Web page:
It might be useful to explain what it means to provide counselling within a Gestalt theoretical view. What this means for me is forming a genuine relationship with clients where I am actively involved in our sessions, rather than a passive observer or a stranger. With younger children this means being actively involved in their play, if this is what they want. With adults, young people, and adolescents, this would more likely mean engaging in a genuine dialogue where a real relationship can be formed. This is fundamental to building trust and allowing the counselling process to take place.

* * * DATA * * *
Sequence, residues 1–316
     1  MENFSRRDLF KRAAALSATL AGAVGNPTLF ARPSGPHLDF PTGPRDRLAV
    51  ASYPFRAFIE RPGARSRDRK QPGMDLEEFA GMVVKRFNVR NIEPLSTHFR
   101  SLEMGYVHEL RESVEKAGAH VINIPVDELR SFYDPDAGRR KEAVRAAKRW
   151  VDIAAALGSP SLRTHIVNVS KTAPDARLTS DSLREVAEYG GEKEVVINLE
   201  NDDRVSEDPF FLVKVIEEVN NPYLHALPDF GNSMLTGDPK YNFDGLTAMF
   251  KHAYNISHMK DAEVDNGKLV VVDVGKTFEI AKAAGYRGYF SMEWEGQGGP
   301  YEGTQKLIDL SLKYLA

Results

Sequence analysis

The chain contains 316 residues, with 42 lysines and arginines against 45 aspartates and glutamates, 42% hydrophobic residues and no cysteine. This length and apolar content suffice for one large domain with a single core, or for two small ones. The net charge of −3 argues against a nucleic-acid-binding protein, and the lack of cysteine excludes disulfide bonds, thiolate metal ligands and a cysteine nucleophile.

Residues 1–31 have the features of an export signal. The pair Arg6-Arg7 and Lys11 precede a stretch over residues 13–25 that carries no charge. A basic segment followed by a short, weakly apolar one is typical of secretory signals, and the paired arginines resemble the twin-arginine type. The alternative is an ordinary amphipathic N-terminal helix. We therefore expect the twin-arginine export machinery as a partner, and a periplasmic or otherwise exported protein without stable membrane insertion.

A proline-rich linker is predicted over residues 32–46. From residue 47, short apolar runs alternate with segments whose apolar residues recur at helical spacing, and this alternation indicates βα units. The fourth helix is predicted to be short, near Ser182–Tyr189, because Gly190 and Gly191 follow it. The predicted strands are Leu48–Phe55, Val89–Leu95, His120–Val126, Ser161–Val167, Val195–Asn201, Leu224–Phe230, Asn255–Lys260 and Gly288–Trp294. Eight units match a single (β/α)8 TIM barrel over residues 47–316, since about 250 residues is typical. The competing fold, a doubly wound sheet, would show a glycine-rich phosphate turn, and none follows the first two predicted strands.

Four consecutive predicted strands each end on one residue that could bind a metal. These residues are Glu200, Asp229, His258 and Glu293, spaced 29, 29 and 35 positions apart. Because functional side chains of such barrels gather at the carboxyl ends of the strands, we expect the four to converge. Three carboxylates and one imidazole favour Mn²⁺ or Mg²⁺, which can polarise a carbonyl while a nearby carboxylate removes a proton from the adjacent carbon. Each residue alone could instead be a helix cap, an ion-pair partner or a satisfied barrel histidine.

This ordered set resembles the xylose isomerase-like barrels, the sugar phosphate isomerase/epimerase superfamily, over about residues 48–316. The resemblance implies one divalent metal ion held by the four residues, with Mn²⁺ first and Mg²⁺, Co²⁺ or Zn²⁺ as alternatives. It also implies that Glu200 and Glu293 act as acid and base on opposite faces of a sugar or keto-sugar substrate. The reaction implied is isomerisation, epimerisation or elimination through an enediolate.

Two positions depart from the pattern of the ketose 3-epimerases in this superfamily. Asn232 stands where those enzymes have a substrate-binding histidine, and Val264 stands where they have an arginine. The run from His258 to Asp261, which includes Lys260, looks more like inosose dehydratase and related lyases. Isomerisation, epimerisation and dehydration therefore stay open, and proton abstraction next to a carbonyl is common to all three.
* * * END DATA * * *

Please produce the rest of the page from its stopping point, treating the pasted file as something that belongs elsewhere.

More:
During sessions I might suggest or invite the client to participate in an activity, but ultimately it is their choice. I believe that it is important for the sessions to be led by the client as any issues will surface once they feel safe in the counselling space. Again, for children this might be achieved through direct dialogue or through acting out and possibly even solving what is troubling them through play.
Some clients worry about the need to revisit the past when they do not want to; the focus of my work is on what is happening for the client in the ‘here and now’. Although there may be times where looking back in the past will be beneficial to understanding what is happening now, this will only be attempted with the client’s consent and they will never be forced.